Title & Author: The Casual Vacancy by J.K. Rowling
Genre: Literary fiction, novels
Synopsis (from Goodreads):
A BIG NOVEL ABOUT A SMALL TOWN …
When Barry Fairbrother dies in his early forties, the town of Pagford is left in shock.
Pagford is, seemingly, an English idyll, with a cobbled market square and an ancient abbey, but what lies behind the pretty façade is a town at war.
Rich at war with poor, teenagers at war with their parents, wives at war with their husbands, teachers at war with their pupils … Pagford is not what it first seems.
And the empty seat left by Barry on the parish council soon becomes the catalyst for the biggest war the town has yet seen. Who will triumph in an election fraught with passion, duplicity and unexpected revelations?
Wow. We aren’t in Hogwarts anymore, my friends. This book…
But let me back up a bit. I picked this book up at a garage sale maybe a year ago. I’d truly enjoyed the Harry Potter series and was curious what a non-HP Rowling book would be like. After reading a bunch of other things (I have so many books on my “to read” list), I finally got around to this one. I figured it would be a good return to fiction after finishing the two finance books, and I was right.
Where to begin? While I don’t enjoy living in small towns, I love books that use them as their main setting. I find all of the nosy neighbors and high level of gossip intriguing. And Pagford has all of that, plus silly local politics to boot!
After Barry Fairbrother dies there’s a “casual vacancy” [a seat that opens up between normal election terms, usually due to death, disqualification, or resignation] on the parish council. People seem to come out of the woodwork to try to fill this spot, which is odd because most other councillors have run unopposed.
Why all the fuss? Primarily a boundary line between Pagford and neighboring town Yarvil, particularly concerning an area named “The Fields”. Pagford is an upper class town with a strict set of values and beliefs. Pagford citizens view the Fields, a public housing estate, as a blight on Pagford and a drain on its resources. They feel that Yarvil should retake control of the Fields and its inhabitants, who Pagfordians basically feel are all lazy, drug addicted slobs. The fact that Pagford children have to go to school with children from the Fields is a horror!
Most of the “true” Pagfordians, those whose families have been there for generations, are portrayed as quite the snobs. Newer inhabitants of Pagford are much more moderate and want to give citizens in the Fields the help they need. Characters from the Fields are more often drug-addicted, in trouble, or otherwise on the lower end of the social spectrum.
Fairbrother was the main champion for the Fields’ inhabitants and now that he’s dead, the right-wing division of the council move quickly to get rid of the Fields and shut down its addiction clinic. It reminds me of stories I’ve heard about police in wealthier southern California communities picking up homeless people and dropping them in other areas–just shift the problem to somewhere else. [Note: I have never seen police do this and it seems like a waste of their time but who knows.]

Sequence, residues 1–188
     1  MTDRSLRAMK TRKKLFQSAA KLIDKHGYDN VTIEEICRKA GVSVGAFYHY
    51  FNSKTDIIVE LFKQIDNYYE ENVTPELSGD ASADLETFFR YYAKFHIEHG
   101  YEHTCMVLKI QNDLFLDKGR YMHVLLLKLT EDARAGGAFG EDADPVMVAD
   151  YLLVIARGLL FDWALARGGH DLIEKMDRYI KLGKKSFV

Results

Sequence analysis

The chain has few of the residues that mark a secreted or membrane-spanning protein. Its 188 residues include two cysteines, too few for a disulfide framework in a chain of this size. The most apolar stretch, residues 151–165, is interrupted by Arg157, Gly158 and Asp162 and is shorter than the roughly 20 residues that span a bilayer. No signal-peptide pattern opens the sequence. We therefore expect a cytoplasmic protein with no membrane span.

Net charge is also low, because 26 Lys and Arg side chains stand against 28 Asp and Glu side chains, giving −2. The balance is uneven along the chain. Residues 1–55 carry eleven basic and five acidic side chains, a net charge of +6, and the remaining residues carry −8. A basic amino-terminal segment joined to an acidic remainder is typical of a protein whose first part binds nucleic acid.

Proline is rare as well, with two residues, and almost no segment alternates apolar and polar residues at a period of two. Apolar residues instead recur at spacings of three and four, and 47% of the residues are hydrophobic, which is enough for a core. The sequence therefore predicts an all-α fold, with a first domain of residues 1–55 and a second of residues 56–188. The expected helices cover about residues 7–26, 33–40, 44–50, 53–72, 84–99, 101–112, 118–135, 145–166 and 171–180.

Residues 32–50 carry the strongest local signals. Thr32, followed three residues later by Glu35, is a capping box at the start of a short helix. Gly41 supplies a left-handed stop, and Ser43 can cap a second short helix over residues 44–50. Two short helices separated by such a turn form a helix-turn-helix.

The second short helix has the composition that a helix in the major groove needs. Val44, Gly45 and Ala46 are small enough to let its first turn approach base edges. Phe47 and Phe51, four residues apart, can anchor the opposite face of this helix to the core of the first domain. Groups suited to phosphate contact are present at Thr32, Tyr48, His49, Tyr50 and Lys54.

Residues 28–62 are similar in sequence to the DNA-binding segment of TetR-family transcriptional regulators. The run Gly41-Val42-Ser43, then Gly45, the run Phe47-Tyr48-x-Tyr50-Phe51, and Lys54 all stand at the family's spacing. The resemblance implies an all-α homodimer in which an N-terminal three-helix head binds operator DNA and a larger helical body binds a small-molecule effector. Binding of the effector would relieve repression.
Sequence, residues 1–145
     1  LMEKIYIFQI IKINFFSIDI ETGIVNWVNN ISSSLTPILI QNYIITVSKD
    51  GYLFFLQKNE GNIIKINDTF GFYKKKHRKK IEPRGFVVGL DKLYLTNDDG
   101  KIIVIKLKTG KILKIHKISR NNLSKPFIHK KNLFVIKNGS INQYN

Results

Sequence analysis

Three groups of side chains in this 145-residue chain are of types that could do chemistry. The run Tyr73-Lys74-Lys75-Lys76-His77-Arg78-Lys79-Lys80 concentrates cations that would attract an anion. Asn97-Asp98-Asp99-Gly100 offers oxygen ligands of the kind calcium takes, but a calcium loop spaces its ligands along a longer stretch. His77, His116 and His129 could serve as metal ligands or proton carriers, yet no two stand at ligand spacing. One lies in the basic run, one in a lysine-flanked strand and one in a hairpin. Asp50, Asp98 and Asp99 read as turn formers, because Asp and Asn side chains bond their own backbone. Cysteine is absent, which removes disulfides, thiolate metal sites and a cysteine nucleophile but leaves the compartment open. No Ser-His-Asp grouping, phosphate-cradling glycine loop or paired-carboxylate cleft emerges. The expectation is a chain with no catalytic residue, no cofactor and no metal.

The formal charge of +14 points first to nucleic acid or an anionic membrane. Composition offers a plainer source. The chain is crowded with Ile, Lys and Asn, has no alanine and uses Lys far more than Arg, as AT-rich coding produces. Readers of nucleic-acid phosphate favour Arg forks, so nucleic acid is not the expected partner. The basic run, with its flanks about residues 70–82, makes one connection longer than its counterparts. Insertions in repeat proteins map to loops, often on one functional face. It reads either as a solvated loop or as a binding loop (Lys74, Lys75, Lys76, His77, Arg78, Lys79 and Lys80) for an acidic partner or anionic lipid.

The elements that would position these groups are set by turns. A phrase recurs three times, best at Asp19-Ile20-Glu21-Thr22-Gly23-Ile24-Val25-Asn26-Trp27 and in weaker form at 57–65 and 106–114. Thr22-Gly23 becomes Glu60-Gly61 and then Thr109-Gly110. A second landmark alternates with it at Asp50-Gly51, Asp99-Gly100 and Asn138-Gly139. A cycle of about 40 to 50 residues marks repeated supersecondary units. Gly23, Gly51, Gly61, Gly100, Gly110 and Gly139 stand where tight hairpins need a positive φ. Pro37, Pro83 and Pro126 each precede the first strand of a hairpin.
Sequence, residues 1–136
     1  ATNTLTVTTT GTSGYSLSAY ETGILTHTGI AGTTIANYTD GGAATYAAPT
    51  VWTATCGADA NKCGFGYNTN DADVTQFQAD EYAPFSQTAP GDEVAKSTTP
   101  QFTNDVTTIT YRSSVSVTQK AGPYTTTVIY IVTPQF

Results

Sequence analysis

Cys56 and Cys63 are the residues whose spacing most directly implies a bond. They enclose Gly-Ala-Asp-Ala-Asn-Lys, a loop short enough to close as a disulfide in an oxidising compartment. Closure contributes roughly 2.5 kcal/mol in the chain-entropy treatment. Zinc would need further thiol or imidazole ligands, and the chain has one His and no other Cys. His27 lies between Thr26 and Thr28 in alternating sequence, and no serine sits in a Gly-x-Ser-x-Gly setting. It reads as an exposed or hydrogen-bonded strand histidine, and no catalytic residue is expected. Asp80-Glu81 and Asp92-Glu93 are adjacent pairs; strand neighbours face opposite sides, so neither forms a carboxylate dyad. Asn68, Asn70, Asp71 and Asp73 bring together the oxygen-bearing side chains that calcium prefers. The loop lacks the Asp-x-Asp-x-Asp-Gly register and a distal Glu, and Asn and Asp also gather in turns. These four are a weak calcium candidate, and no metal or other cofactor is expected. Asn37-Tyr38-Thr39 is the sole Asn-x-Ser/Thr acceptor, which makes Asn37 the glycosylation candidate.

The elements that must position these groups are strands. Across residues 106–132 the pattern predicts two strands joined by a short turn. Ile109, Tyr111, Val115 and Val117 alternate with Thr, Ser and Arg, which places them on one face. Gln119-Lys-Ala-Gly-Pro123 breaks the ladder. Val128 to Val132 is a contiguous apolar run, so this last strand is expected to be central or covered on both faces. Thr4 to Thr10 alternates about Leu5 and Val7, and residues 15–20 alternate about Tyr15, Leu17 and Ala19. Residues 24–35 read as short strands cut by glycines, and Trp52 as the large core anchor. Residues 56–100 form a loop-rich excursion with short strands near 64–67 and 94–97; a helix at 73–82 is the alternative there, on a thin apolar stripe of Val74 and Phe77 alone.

As the election gears up, there are three primary candidates running for the office:
- Colin “Cubby” Wall, who wants to continue Barry Fairbrother’s work and keep the Fields as part of Pagford. He’s also the deputy headmaster of Winterdown school and father of Stuart “Fats” Wall.
- Simon Price, who wants to be on the council so he can get bribe money or other kickbacks from businesses and locals. He’s also the father of Andrew. He grew up in the Fields but lives in Pagford and really only cares about the money.
- Miles Mollison, son of sitting Parish council leader Howard Mollison. He primarily wants to be on the council because of his father’s urging. Also, he grew up in Pagford so he sides with his father on removing the Fields from Pagford’s boundaries.
The Casual Vacancy is one of those books where none of the characters are really good, though none are inherently evil either. Meaning that if you need someone to root for in your books, I wouldn’t recommend this one (though I do recommend it in general). As the election heats up, messages with juicy gossip about each of the candidates (and others on the council) show up on the Pagford Council’s website, posted by “the_ghost_of_barry_fairbrother”. None of the characters can figure out who this person is or how they’re posting the messages, although the reader is fully aware of how it’s happening. It’s a very modern way of airing out grievances, let me tell you!
Rowling covers a lot of topics in her first non-Harry Potter release: local politics, racism, drug addiction, prostitution, rape, the class divide, teenage bullying. I think the characters were forced to look at themselves in the harsh light of day at the end of the book. When your sins are laid bare in front of the world, I imagine you would want to take stock in how you’re living life.
Verdict: I greatly enjoyed The Casual Vacancy! It was nearly like a Shakespearean tragedy when all was said and done, and I love the small town gossip and political nonsense. For all the tragedy, there was a healthy dose of dark comedy as well. If you need a traditional “good guy” to root for in books you read, you aren’t really going to find it here.
Recommend for: diehard Rowling fans who want to read something very unlike Harry Potter, readers who like books set in small towns with nosy neighbors, those who enjoy Shakespearean-style tragedies.
Price: about $8.99 (Kindle), $10.92 (paperback), or $21.00 (hardcover) on Amazon.